Hilary Duff recreates her iconic “That’s so gay” PSA against bullying

Hilary Duff, Scott Hoying, and Mark Manio recreate Duff's iconic "Don't Say Gay" PSA
Hilary Duff, Scott Hoying, and Mark Manio recreate Duff's iconic "Don't Say Gay" PSA Photo: Screenshot, TikTok

Hilary Duff has recreated her iconic 2008 “That’s So Gay” PSA against homophobia and bullying.

In a recent TikTok video posted by Duff, the actress lip syncs to her own voice from the original commercial alongside Pentatonix singer Scott Hoying and his fiancé Mark Manio.

Hoying and Manio are acting as the two teenage girls from the original sketch. In it, they are trying on clothing when one of them says that a top the other is trying on is “so gay.”

As in the original PSA, Duff approaches, horrified.

“You know, you really shouldn’t say that,” she mouths.

“Say what?” Hoying mouths back.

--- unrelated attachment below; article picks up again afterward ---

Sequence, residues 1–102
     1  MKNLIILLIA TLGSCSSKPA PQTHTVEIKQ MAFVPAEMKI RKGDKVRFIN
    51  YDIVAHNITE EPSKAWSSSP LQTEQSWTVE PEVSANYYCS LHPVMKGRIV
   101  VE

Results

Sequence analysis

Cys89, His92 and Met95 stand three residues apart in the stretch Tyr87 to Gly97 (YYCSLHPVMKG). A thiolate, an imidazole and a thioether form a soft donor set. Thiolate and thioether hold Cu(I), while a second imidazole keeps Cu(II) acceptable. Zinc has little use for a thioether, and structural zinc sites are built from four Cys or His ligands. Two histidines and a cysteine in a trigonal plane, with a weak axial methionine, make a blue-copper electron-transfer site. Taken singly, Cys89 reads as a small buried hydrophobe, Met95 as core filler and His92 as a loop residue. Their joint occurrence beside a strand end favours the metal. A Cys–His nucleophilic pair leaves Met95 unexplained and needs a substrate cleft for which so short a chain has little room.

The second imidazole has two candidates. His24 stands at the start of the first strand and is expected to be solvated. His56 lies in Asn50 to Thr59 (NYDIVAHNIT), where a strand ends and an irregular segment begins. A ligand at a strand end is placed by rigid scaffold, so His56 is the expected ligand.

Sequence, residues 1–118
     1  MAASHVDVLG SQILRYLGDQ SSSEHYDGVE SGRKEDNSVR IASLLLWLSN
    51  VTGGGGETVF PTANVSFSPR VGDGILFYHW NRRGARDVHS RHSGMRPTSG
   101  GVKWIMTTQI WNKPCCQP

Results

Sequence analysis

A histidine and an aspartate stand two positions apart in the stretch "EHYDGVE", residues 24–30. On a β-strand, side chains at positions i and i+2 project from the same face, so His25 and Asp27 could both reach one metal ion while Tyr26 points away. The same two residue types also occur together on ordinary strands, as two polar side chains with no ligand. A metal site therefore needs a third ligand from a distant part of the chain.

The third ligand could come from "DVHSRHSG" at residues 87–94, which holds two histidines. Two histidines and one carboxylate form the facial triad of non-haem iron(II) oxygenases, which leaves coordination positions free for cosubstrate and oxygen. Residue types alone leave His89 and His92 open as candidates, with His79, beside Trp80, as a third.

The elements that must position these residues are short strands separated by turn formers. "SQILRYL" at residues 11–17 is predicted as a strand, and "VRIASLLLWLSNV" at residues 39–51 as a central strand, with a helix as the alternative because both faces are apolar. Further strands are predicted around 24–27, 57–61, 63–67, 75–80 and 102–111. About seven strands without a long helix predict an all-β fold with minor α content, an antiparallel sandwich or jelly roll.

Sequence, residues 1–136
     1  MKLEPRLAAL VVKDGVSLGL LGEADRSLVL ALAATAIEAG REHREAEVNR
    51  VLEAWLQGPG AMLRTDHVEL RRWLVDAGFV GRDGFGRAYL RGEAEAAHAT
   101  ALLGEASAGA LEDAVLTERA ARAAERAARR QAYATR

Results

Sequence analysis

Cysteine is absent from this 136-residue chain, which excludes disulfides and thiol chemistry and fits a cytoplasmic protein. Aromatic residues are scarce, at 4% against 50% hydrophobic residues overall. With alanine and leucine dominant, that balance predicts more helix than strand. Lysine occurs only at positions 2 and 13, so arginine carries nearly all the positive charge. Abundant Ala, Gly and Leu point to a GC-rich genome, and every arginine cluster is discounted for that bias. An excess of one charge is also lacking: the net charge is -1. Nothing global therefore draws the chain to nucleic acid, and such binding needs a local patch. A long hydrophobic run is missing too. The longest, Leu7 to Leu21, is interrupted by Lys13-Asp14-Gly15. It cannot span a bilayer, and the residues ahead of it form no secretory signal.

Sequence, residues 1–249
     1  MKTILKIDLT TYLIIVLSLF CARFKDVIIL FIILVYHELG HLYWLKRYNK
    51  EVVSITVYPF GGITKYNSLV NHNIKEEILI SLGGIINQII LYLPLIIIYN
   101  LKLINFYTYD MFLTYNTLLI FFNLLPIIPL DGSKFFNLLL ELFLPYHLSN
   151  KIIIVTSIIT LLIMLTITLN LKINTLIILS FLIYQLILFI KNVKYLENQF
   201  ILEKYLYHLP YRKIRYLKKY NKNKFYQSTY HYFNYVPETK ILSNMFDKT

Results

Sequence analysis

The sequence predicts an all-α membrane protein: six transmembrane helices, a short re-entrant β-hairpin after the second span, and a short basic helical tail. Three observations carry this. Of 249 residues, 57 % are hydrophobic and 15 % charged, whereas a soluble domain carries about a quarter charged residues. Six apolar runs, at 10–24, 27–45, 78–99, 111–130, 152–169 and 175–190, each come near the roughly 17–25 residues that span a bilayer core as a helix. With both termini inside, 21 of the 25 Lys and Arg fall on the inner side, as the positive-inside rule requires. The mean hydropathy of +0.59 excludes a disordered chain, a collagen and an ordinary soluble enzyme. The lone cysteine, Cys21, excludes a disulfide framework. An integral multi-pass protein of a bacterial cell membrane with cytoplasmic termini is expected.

“Say that something’s gay when you mean it’s bad.” Duff responds. “It’s insulting. What if every time something was bad, everybody said, ugh that’s so girl wearing a skirt as a top?”


@Scott Hoying & @markmanio410 tying the shirt on as a skirt/top made me say yes😂 also 14 years later -still holds up ♥️

♬ original sound – hilaryduff

In the caption of the remake, Duff wrote that Hoying and Manio “tying the shirt on as a skirt/top made me say yes.” She added, “also 14 years later -still holds up.”

In the comments, fans were so excited to see Duff calling back to this moment, and some expressed how meaningful it was to them at the time.

“i literally stopped saying that cause of this commercial,” one follower wrote.

“this commercial meant so much to me,” said another.

Another added, “What this meant to some of us. Always a queen Hilary.”

After the add came out over a decade ago, Duff spoke to CNN about her decision to appear in the PSA.

“We are just not kind enough to each other, and there is no reason why kids should go to school and it not be a safe place for them or they should not be accepted,” Duff said.

“I have plenty of gay friends that I love to death,” she added, “and would never want to say or do anything to hurt their feelings, but I think it’s a term we’ve just gotten used to saying…it’s important to just be more conscientious of what you say and know that it could really be hurting someone.”

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